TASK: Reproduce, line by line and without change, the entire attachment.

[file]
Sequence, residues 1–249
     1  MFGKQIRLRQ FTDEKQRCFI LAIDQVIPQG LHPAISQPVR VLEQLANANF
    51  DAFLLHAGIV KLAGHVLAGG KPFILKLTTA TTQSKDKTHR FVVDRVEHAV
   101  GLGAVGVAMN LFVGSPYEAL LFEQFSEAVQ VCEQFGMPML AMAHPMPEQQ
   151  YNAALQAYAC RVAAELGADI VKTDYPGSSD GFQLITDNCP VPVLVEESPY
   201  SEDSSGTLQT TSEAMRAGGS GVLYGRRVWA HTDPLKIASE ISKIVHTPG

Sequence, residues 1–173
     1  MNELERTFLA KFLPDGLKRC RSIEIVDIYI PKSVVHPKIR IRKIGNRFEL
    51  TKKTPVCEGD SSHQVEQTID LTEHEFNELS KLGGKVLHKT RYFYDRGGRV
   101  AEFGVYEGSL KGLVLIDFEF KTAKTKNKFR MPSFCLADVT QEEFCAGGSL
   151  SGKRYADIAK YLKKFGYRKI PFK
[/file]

Sequence, residues 1–249
     1  MFGKQIRLRQ FTDEKQRCFI LAIDQVIPQG LHPAISQPVR VLEQLANANF
    51  DAFLLHAGIV KLAGHVLAGG KPFILKLTTA TTQSKDKTHR FVVDRVEHAV
   101  GLGAVGVAMN LFVGSPYEAL LFEQFSEAVQ VCEQFGMPML AMAHPMPEQQ
   151  YNAALQAYAC RVAAELGADI VKTDYPGSSD GFQLITDNCP VPVLVEESPY
   201  SEDSSGTLQT TSEAMRAGGS GVLYGRRVWA HTDPLKIASE ISKIVHTPG

Sequence, residues 1–173
     1  MNELERTFLA KFLPDGLKRC RSIEIVDIYI PKSVVHPKIR IRKIGNRFEL
    51  TKKTPVCEGD SSHQVEQTID LTEHEFNELS KLGGKVLHKT RYFYDRGGRV
   101  AEFGVYEGSL KGLVLIDFEF KTAKTKNKFR MPSFCLADVT QEEFCAGGSL
   151  SGKRYADIAK YLKKFGYRKI PFK